Hurricanes form over warm ocean waters, like those found in the Gulf of Mexico. The hurricane season starts June 1 and ends November 30, however, hurricanes can (and have) struck the Texas coast during every month of the hurricane season.
Since 1851, 63 hurricanes have hit the Texas coast. That is one every three years on average.
Hurricane Watch: Hurricane conditions are possible within the specified coastal area. Because hurricane preparedness activities become difficult once winds reach tropical storm force, the hurricane watch is typically issued 36 to 48 hours in advance of the anticipated onset of tropical storm-force winds.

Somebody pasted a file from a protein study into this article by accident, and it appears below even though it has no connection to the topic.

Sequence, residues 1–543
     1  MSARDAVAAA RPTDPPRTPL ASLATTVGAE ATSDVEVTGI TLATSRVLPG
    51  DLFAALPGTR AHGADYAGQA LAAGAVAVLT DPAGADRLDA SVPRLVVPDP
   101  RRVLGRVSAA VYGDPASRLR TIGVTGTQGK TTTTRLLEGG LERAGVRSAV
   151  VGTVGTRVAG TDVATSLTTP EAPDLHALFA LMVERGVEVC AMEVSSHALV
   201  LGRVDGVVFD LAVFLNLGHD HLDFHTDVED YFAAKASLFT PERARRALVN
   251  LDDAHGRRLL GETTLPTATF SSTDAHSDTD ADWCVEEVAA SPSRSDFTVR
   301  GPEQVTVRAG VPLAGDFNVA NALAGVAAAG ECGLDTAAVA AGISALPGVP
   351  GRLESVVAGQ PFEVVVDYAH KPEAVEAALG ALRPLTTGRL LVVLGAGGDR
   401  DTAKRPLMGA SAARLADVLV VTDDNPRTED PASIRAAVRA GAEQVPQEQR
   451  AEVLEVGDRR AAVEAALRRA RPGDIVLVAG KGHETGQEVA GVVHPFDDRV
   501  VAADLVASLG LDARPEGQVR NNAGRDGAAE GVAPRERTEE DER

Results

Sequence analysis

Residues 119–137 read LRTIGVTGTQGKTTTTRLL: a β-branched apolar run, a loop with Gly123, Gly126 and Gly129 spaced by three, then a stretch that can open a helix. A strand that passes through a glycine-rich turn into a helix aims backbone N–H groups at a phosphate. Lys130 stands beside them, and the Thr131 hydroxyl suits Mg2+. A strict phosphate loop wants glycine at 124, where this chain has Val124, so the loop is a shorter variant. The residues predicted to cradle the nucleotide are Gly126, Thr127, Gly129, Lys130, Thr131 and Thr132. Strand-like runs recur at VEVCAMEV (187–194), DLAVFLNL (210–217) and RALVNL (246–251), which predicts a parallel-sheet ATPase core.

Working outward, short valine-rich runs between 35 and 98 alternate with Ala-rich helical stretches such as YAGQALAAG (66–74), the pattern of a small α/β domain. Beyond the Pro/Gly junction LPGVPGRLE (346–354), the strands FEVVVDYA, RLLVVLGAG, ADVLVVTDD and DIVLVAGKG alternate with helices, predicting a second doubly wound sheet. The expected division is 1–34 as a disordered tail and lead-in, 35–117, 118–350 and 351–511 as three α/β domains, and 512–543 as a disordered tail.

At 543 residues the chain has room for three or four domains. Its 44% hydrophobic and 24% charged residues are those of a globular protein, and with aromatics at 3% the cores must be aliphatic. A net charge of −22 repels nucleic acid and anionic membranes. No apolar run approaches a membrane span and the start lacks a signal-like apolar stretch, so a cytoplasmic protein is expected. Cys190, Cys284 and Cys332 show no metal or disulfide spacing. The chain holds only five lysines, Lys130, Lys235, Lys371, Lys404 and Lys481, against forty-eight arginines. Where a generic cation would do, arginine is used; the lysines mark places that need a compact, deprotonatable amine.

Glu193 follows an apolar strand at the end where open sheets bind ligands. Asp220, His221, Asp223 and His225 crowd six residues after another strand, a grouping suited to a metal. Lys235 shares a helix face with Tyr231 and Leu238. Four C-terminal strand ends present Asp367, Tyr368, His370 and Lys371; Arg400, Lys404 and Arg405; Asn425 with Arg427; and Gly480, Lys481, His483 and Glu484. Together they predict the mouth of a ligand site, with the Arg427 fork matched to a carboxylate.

Hurricane Warning: Hurricane conditions are expected in the specified area of the warning. Because hurricane preparedness activities become difficult once winds reach tropical storm force, the hurricane warning is typically issued 24 to 36 hours in advance of the anticipated onset of tropical-storm-force winds.
Tropical Storm Watches and Warnings: Take these alerts seriously. Although Tropical Storms have lower wind speeds than hurricanes, they often bring life-threatening flooding and dangerous winds. Take precautions.
It is virtually impossible for a hurricane to strike with no warning, but it's not unheard of go directly to a WARNING and not issue a WATCH as some cyclones can develop quickly and close to land. Be ready to move quickly.
Monitor the tropics through local radio and television and NOAA Weather radio.